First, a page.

My name is David Wilkinson, I teach at Durham University in the department of theology, I used to be a physicist and I still am fascinated by science and theology. I became a Christian at the age of seventeen, and at that point Christian faith was very new and exciting to me. I’d also decided to do a physics degree at university; now I’m not that type of person who built a telescope at the age of four or anything of that sort. I did physics at university, I have to admit, because I was quite good at mathematics and therefore I knew I wouldn’t have to work very hard doing physics. I could spend time doing real things at university, such as cricket and other things-- typically British of course.
However what happened for me as I began to study physics at Durham University was that my new-found faith and this new area of science began to enrich each other, and Kepler of course once said that science is thinking God’s thoughts after him. And I think what was happening in hindsight was that as I was encountering the God of creation in and through Jesus, so what God had created became more and more valuable, more and more interesting to me, just as when our children brought back drawings and paintings from their school class. They weren’t great pieces of art but they were put on our kitchen walls because we knew the person who had created them, and because I was being introduced to the God of creation, so the science itself began to live for me.
Another thing was that the science at university level, particularly as one starts to explore relativity and quantum theory, cosmology, is that as John Polkinghorne would say, “It breaks the tyranny of common sense.” This isn’t a mechanistic world of Isaac Newton and those theologians who think that every question is wrapped up. This is an exciting open world of exploration and questions, of freedom both for God to work and the universe to explore. And this became more and more fascinating to me as time went on. My faith enriched my science, and my science enriched my faith. Now that wasn’t always a process where there were easy questions to answer; there were often difficult questions. But I have to say that continually, the science and the faith have gone together and have enriched each other.
My own particular interest then over the years has been how one takes the issues of science and faith and communicates them to folk who aren’t Christians. As I go around the world these days, I find many people who are fascinated by some of the questions that modern science raises, questions such as the intelligibility of the universe. How can our minds understand the universe back to such an early stage? The fact that the universe is very carefully balanced, fine-tuned for the existence of life. The question of human significance in such a vast universe. The sense of awe and wonder as you look not just at the vastness of the sky but also the fact that underneath the complexity of the universe are rather simple, elegant, beautiful laws. And I find that many folk, whether they are people of religious faith or not, find themselves drawn in by these questions that say “Is there a deeper story to the universe? Are these pointers to something that goes beyond science?” I don’t believe that they can prove God in any way, but I do think that they are pointers towards a God who in Christ is the best explanation for all of these different areas.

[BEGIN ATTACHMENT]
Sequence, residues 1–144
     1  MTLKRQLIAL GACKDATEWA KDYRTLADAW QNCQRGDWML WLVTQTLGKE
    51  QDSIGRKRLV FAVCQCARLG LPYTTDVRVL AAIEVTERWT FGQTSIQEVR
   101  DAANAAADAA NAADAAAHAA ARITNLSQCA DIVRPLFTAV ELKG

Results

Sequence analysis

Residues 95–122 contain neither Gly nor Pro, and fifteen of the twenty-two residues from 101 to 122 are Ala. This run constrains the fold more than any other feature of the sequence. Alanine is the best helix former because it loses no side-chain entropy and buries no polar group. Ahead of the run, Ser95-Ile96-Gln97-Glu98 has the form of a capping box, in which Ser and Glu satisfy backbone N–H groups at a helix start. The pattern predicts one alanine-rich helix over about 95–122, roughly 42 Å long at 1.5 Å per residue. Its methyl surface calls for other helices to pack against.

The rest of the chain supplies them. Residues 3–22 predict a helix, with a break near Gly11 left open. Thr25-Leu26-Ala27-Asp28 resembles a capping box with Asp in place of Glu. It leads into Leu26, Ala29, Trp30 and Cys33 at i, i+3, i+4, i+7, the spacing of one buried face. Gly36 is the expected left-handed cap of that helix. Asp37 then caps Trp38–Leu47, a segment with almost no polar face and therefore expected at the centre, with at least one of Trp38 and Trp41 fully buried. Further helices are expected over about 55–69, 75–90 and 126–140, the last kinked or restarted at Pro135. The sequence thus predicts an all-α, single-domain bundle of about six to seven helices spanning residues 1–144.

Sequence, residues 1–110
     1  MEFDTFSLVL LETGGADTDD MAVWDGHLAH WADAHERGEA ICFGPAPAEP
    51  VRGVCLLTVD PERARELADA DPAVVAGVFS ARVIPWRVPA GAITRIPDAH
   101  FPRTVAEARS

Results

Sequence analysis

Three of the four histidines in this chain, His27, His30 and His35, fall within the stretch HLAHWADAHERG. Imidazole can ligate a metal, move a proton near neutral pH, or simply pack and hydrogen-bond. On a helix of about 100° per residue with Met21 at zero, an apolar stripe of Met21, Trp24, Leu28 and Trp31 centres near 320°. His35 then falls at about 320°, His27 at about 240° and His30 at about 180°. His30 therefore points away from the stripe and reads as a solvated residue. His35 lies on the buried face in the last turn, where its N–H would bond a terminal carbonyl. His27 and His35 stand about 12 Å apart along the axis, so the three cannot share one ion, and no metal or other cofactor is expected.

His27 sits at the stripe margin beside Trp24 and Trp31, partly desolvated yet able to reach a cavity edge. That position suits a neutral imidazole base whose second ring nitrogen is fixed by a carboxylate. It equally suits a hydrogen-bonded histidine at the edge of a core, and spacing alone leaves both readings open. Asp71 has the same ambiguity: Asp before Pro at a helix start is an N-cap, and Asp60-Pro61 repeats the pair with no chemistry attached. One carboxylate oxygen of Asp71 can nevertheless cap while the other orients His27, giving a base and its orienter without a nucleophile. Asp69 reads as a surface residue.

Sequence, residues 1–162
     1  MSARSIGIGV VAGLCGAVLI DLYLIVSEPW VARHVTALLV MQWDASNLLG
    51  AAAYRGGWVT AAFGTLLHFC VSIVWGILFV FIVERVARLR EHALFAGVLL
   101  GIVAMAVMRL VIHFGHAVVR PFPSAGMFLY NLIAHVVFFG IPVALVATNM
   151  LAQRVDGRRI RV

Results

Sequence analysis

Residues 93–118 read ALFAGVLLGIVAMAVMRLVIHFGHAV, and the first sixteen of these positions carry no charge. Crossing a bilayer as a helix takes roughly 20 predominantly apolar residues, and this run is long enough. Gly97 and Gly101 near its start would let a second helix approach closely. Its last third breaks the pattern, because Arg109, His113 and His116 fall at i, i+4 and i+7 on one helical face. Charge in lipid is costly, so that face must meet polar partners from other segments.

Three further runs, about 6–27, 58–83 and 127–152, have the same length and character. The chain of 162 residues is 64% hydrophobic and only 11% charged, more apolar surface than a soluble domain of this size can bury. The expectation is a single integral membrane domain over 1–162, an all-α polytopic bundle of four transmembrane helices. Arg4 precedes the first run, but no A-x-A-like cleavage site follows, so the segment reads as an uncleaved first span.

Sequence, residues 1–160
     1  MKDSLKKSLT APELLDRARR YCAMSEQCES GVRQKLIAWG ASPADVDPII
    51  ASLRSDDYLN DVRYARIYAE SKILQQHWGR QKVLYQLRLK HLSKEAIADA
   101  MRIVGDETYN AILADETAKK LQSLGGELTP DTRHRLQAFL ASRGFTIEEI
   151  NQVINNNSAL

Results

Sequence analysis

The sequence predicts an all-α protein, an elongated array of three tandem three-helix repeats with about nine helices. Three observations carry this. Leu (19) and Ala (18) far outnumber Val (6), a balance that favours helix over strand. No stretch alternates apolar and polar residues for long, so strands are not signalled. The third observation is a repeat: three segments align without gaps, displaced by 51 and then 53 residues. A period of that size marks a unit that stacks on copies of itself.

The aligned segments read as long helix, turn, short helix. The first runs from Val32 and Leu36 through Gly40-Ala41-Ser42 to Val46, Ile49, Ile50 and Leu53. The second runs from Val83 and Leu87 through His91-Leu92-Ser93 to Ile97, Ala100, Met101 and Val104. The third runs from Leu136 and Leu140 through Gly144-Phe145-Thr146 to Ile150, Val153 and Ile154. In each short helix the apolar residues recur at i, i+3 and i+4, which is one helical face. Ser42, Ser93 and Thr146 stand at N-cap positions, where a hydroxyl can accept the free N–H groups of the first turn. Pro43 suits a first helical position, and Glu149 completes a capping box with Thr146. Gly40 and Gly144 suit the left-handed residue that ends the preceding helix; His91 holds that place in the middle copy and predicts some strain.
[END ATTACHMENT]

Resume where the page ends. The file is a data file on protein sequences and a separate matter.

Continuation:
Off camera: “Let me ask you one question here: you mentioned John Polkinghorne. You studied with him, I believe. Would you tell something about your relationship to John Polkinghorne, and you might begin by saying, ‘John Polkinghorne was my mentor or whatever’. Just a few things about your relationship with him.”
Wilkinson: One of the most important things for me in the science/faith relationship has been those mentors, those great men and women of faith and science who have helped me along the way. Those have been many for me. One of the key people for me in this area has been Sir John Polkinghorne. John was teaching theology in Cambridge, having retired as head of the Cavendish Laboratory in Cambridge, trained as an Anglican priest, and then started to teach theology just as I arrived in Cambridge also to study theology. And what I found in his thinking was a commitment to the rigor of science, and someone who not only philosophized about science but had a feel for science as a working scientist, but someone who’s prepared to take that science and contemporary science and use it in theology today.
If I have one criticism of my fellow theologians from time to time it’s that they’re often stuck in the physics of the 19th century rather than the 20th and 21st centuries. They’re still dominated by this clockwork universe, whereas Polkinghorne and others have taken seriously that the universe is very different. And Polkinghorne with many others have spent time with me answering my questions, being gracious to the type of questions I’ve wanted to push, but they’ve impressed me by showing integrity both towards Christian faith and to science by holding the two together and not compromising on either.